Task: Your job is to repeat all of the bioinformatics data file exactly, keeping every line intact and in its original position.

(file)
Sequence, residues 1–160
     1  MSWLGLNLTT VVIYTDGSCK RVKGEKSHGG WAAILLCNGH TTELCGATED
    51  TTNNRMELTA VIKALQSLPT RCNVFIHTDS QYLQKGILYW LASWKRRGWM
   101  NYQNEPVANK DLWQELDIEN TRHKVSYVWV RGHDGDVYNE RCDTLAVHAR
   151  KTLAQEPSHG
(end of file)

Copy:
Sequence, residues 1–160
     1  MSWLGLNLTT VVIYTDGSCK RVKGEKSHGG WAAILLCNGH TTELCGATED
    51  TTNNRMELTA VIKALQSLPT RCNVFIHTDS QYLQKGILYW LASWKRRGWM
   101  NYQNEPVANK DLWQELDIEN TRHKVSYVWV RGHDGDVYNE RCDTLAVHAR
   151  KTLAQEPSHG